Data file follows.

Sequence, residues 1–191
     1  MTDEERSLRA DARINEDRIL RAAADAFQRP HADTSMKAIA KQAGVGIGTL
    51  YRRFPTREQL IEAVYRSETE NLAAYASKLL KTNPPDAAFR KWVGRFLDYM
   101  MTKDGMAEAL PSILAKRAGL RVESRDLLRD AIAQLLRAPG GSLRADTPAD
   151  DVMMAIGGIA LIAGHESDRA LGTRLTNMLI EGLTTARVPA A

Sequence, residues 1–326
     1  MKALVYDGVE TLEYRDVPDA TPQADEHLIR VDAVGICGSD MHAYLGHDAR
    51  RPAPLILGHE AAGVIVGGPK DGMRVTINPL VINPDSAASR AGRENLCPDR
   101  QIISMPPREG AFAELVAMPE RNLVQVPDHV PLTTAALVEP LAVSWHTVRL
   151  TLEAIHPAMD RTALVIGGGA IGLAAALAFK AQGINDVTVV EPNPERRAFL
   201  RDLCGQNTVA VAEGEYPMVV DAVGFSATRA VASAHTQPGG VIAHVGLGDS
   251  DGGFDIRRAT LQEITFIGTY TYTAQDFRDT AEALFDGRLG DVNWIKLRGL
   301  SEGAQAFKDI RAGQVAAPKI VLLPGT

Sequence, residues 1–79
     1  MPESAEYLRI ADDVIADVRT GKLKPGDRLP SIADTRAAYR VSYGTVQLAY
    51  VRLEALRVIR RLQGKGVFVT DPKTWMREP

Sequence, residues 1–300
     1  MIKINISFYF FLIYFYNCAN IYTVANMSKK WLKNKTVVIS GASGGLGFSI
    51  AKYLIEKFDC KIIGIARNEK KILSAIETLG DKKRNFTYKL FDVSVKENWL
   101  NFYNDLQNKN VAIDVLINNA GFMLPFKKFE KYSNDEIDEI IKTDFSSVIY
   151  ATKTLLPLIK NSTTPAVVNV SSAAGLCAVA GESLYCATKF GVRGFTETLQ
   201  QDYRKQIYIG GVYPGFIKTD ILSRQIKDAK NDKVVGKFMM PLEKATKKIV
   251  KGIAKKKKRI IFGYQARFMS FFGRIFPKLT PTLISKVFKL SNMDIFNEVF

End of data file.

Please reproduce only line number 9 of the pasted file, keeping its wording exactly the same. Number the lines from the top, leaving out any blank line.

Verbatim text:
   101  QIISMPPREG AFAELVAMPE RNLVQVPDHV PLTTAALVEP LAVSWHTVRL